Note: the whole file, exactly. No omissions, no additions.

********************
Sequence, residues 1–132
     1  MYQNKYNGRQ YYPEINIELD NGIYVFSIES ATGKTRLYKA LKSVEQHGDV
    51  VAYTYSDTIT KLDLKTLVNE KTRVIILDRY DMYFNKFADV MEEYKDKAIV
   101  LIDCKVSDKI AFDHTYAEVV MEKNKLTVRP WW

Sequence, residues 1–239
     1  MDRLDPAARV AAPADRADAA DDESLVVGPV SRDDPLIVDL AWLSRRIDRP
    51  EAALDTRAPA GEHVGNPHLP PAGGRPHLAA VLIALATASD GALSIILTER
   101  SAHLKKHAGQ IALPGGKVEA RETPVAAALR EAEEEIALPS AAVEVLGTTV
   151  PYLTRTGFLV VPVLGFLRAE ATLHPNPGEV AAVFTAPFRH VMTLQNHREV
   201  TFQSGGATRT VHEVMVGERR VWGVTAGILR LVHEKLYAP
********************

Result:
Sequence, residues 1–132
     1  MYQNKYNGRQ YYPEINIELD NGIYVFSIES ATGKTRLYKA LKSVEQHGDV
    51  VAYTYSDTIT KLDLKTLVNE KTRVIILDRY DMYFNKFADV MEEYKDKAIV
   101  LIDCKVSDKI AFDHTYAEVV MEKNKLTVRP WW

Sequence, residues 1–239
     1  MDRLDPAARV AAPADRADAA DDESLVVGPV SRDDPLIVDL AWLSRRIDRP
    51  EAALDTRAPA GEHVGNPHLP PAGGRPHLAA VLIALATASD GALSIILTER
   101  SAHLKKHAGQ IALPGGKVEA RETPVAAALR EAEEEIALPS AAVEVLGTTV
   151  PYLTRTGFLV VPVLGFLRAE ATLHPNPGEV AAVFTAPFRH VMTLQNHREV
   201  TFQSGGATRT VHEVMVGERR VWGVTAGILR LVHEKLYAP